Last night I finished watching “Normal People,” which is set in Ireland, and I am remembering the time I hitchhiked around Ireland on my own. Richard is reading “Time and Free Will” by Henri Bergson, in which the author proposes that when we look at art, we deposit our individual personality on the doormat and give ourselves to the artist’s way of knowing.
I was 21 that summer and would that fall be 22 and thought of myself as on the old side for a first trip to Europe and to the abandon I thought necessary for being a certain kind of young I had skipped over by marrying at 19.
“Normal People” is one long sequence of falling in love between a boy and a girl, who want each other equally and have the same amount to gain from the relationship. They lose each other only because it is a TV show and the script demands suspense in order to sustain 12 episodes. Their young bodies are beautiful as is their sex inflected with love and a desire to leave themselves on the doormat to enter the other.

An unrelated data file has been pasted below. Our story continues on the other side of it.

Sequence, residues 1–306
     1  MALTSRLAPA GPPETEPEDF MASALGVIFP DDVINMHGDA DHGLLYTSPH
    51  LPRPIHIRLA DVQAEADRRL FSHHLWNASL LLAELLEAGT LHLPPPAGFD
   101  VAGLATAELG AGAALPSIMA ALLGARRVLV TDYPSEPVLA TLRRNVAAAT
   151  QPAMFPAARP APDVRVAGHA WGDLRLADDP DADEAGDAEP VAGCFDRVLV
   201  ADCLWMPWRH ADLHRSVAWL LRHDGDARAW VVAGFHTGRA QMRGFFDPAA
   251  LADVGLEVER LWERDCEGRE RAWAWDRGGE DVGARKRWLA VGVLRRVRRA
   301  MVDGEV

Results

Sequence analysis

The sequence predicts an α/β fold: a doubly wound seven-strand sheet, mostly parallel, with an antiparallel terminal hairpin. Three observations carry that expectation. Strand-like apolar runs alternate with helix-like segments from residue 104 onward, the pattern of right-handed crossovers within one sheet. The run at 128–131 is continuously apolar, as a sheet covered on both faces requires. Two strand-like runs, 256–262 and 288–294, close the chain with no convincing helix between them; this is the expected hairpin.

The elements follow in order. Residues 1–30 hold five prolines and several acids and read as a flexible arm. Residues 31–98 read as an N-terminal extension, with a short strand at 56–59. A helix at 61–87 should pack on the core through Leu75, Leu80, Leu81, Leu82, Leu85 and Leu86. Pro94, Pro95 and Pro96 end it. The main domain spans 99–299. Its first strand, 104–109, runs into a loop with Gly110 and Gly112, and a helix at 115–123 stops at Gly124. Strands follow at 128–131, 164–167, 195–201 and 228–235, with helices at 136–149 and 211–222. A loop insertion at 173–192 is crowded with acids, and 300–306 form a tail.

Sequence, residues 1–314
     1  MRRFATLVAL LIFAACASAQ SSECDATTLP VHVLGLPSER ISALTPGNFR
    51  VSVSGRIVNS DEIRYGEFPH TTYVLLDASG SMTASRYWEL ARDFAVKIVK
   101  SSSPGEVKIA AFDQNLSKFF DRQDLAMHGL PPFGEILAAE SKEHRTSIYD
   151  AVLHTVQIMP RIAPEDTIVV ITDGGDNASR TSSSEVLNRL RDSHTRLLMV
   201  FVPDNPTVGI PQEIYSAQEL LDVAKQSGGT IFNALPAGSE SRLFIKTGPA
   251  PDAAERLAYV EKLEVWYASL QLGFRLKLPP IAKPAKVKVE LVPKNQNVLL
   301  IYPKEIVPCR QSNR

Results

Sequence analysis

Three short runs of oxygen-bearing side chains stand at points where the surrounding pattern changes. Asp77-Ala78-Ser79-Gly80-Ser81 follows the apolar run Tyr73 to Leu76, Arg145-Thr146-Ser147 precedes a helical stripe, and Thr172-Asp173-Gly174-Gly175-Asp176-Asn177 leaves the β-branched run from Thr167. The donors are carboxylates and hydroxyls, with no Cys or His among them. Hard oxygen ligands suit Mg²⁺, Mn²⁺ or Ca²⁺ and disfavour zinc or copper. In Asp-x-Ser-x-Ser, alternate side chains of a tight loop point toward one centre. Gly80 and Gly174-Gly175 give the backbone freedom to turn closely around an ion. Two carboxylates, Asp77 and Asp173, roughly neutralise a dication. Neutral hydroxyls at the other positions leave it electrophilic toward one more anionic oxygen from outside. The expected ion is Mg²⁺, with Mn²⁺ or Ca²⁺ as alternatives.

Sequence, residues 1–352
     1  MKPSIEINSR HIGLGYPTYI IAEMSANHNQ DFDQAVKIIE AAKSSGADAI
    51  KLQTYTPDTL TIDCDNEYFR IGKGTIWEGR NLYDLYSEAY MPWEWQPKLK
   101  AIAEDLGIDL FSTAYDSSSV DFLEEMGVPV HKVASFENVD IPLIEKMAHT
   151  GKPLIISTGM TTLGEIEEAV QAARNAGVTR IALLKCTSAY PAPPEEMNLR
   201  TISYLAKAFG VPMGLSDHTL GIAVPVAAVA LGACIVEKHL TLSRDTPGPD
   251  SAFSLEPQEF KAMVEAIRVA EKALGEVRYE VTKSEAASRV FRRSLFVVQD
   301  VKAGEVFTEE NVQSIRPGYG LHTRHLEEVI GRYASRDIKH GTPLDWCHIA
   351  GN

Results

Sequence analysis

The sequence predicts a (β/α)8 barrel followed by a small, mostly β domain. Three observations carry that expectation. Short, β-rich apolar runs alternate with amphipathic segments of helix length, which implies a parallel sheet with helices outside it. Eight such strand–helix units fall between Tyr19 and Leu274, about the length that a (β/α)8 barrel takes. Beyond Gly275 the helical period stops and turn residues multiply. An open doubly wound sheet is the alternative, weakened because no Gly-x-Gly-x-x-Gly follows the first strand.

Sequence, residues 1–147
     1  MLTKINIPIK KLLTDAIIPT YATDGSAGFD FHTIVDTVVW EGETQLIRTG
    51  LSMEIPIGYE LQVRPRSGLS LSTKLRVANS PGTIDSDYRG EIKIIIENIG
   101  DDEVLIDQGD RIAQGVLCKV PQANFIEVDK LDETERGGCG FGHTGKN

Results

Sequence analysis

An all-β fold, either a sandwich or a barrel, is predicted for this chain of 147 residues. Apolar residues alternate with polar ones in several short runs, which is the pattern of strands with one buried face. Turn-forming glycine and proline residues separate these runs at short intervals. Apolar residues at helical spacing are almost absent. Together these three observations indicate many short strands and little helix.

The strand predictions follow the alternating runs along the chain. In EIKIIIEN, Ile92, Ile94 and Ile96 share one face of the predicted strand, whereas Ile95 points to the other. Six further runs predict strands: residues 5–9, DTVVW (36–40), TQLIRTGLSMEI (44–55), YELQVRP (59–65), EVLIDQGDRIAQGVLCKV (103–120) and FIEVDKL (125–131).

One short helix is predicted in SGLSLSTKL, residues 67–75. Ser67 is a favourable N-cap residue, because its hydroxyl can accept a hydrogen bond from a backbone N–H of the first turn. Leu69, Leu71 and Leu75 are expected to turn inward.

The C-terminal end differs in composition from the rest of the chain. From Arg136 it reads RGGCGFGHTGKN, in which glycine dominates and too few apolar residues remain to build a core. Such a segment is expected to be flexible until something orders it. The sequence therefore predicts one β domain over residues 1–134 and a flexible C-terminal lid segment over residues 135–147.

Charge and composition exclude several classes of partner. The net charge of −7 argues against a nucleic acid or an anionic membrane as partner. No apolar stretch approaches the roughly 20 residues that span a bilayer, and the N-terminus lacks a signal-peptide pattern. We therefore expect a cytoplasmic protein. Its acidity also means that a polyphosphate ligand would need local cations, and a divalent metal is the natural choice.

In Ireland it was always raining either a fine mist or a splashing downpour, and I got used to walking on lonely roads with a towel wrapped around my head and one of those American raincoats cinched tight around my waist. I was wearing the worn jeans of the boy I had met in London and who had sent me on this adventure so I would see more of the world than him. Everything was shaded by the fact I was being unfaithful to the man I was married to and was a liar. The lovers in “Normal People” do not lie much to each other or themselves, and while I watched the show I liked imagining that kind of love.
Sometimes when I was afraid on the road alone, I thought there was something soft about me for feeling this way. I didn’t have that much of a bourgeois life to slough off. In temperament, I was closer to the wily peasants and gonifs of my forebears than to the well-appointed girls I’d gone to school with at Woodmere Academy and Barnard. Still, I had something to escape, as does everyone, and that is where you find the fun of life.